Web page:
Not just one…. two.  There was one about a mile from where I live and a few days later there was one within a half mile. 

Beyond that, every tenth person I talk to or see on social media is either in the hospital or has a parent in the hospital.  You all know what is going on. 

I sadly assume the majority of people have lost somebody due to this.  I’ve lost a few.  It’s sincerely horrible. 

That’s all I can say on that without spinning out of control into a depressing and angst ridden social/political tangent.  I don’t think that’s the point of this interview though.

What role (if any) does art and the artist have at a time of crisis?

I hate to quote shit I’ve seen online, but somewhere out there I saw someone write (not verbatim)…  “for everyone who thinks the arts are meaningless jobs, try getting through this lockdown without books, music, film, etc.” 

I think that answers your question perfectly. 

I think it also goes beyond that.  Artists have a way of capturing the impact of events and social response better than anyone. 

I appreciate abstract art and “art for the sake of art” as much as anyone else, but the artists I respect the most have always been those who make profound social commentary through their art. 

For example, when it comes to Shakespeare, I am relatively indifferent about plays like a Midsummer Night’s Dream, but I have read and watched plays like Henry V and Richard III many times over. 

I’m not so extreme as to say it’s an artists “responsibility” to try making a profound positive impact, but I am saying that’s how you win me over.

Are you reflecting on current events in your creative work?  And do you feel pressure to incorporate current events into your art at this time?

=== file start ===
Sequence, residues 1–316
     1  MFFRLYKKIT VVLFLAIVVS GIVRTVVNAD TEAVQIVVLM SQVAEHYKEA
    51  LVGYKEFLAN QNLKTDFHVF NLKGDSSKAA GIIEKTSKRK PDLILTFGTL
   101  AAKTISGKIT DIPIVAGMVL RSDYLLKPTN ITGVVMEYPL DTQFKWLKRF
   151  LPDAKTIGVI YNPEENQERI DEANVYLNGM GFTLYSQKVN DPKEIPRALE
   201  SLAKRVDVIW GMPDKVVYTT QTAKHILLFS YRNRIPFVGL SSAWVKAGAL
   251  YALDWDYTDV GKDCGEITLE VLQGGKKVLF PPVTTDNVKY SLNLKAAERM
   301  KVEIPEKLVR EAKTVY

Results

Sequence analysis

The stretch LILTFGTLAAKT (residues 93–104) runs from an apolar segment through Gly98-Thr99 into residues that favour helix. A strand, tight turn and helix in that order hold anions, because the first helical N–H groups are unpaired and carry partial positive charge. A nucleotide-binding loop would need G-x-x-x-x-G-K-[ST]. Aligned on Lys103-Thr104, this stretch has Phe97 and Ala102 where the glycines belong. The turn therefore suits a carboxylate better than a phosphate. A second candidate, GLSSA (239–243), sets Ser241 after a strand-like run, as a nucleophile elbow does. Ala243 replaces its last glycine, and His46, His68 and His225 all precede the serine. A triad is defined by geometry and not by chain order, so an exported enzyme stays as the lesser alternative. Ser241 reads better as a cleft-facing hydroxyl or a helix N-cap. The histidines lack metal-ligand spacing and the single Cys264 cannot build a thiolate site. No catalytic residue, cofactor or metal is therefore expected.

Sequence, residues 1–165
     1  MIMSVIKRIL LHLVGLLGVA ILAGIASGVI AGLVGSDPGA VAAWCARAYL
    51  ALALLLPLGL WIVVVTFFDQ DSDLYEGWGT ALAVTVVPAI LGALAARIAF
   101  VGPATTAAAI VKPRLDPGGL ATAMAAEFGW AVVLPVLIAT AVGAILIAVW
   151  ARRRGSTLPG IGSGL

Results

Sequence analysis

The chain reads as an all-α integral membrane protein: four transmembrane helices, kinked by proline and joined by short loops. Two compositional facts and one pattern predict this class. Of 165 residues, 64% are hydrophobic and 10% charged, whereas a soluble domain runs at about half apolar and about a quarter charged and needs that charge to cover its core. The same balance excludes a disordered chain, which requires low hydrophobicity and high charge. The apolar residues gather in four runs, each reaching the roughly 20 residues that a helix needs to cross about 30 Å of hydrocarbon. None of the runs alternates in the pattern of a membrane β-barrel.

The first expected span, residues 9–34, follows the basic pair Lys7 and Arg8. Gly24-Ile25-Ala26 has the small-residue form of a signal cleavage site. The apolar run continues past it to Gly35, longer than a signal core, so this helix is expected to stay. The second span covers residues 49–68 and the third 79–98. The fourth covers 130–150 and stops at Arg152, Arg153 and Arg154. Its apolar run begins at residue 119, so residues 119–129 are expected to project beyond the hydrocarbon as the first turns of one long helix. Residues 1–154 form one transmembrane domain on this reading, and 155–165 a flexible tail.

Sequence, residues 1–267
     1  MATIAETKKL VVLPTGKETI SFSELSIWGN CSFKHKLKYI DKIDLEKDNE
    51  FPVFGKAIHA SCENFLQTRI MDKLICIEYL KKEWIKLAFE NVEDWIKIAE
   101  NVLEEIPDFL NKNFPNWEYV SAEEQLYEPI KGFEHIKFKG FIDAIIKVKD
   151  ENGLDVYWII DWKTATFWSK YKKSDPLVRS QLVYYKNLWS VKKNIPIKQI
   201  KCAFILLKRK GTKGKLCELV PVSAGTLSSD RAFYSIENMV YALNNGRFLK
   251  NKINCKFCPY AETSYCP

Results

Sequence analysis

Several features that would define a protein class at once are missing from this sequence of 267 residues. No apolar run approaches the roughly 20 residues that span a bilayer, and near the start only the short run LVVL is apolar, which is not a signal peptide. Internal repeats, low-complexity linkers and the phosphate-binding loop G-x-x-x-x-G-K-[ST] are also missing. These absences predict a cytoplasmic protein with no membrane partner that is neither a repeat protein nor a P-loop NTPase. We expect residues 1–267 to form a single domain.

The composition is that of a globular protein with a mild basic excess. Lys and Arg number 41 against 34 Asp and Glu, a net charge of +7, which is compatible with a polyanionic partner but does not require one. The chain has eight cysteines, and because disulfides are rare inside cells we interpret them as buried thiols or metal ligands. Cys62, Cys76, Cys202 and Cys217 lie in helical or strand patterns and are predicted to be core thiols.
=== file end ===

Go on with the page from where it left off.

Absolutely!  Almost every painting I create, as well as every photograph I take, has meaning.  I really push my agenda through my paint brush. 

My paintings can be heavy handed and easy to interpret.  If you look at one of my paintings and don’t understand what I’m trying to say, then I feel like I’ve failed. 

However, my lens covers a broader perspective and my photographic themes are slightly more hidden.  Don’t let that fool you though… the message is still there. 

Many photos tell a complete story, but I also feel a much more complete story is told in the cumulative consumption of my work. 

I like people to come to their own conclusions after seeing multiple perspectives via my photography. 

I can always tell when I meet someone who really gets my work versus someone who just follows it for the rockstar eye candy.  I sincerely appreciate both, but I always feel more connected to the former.

Are you photographing something other than the concert and street photography you’re known for, or is the camera put away?

My camera is never put away.  Right now it’s in my “bug out” survival backpack right next to my front door, but I keep taking it out to shoot… well…  basically anything fun to get my mind off the pandemic. 

I am so desperate for content during lockdown that I’ve started photographing things like puzzles, stews, books and my lovely teak wood furniture. 

I’ve actually found it interesting to take a look at myself through my camera’s eye (not self portraits, but simply my living space).  It’s made me realize that no matter how much of a badass people might think I am in the real world, at home I just live like a self contained, happy lil’ Hobbit. 

I’ve also turned into Jerry Only from the Misfits, in the sense that I haven’t worn a shirt with sleeves for well over a month.

I have gone out a few times to find those epic post-apocalyptic shots.  You know the type…. sweeping urban landscapes without a single person in frame.  The problem is that this lockdown isn’t locking people down very well. 

Everyone wants to be the only person out there (or they simply don’t understand the scope of what is happening), so there are still people everywhere.